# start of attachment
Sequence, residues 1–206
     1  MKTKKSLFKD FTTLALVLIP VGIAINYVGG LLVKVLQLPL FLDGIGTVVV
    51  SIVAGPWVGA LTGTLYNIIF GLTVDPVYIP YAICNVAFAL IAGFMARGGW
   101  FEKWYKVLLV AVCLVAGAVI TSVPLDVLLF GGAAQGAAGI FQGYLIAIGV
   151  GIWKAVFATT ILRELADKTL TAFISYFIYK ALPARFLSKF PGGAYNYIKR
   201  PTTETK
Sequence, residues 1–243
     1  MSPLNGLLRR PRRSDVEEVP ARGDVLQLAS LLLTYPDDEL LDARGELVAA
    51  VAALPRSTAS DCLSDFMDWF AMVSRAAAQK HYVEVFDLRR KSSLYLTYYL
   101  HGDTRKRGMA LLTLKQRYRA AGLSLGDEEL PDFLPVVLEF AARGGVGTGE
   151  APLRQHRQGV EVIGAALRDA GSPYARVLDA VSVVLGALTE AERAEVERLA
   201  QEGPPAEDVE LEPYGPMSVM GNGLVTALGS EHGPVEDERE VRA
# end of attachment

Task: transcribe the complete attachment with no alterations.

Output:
Sequence, residues 1–206
     1  MKTKKSLFKD FTTLALVLIP VGIAINYVGG LLVKVLQLPL FLDGIGTVVV
    51  SIVAGPWVGA LTGTLYNIIF GLTVDPVYIP YAICNVAFAL IAGFMARGGW
   101  FEKWYKVLLV AVCLVAGAVI TSVPLDVLLF GGAAQGAAGI FQGYLIAIGV
   151  GIWKAVFATT ILRELADKTL TAFISYFIYK ALPARFLSKF PGGAYNYIKR
   201  PTTETK
Sequence, residues 1–243
     1  MSPLNGLLRR PRRSDVEEVP ARGDVLQLAS LLLTYPDDEL LDARGELVAA
    51  VAALPRSTAS DCLSDFMDWF AMVSRAAAQK HYVEVFDLRR KSSLYLTYYL
   101  HGDTRKRGMA LLTLKQRYRA AGLSLGDEEL PDFLPVVLEF AARGGVGTGE
   151  APLRQHRQGV EVIGAALRDA GSPYARVLDA VSVVLGALTE AERAEVERLA
   201  QEGPPAEDVE LEPYGPMSVM GNGLVTALGS EHGPVEDERE VRA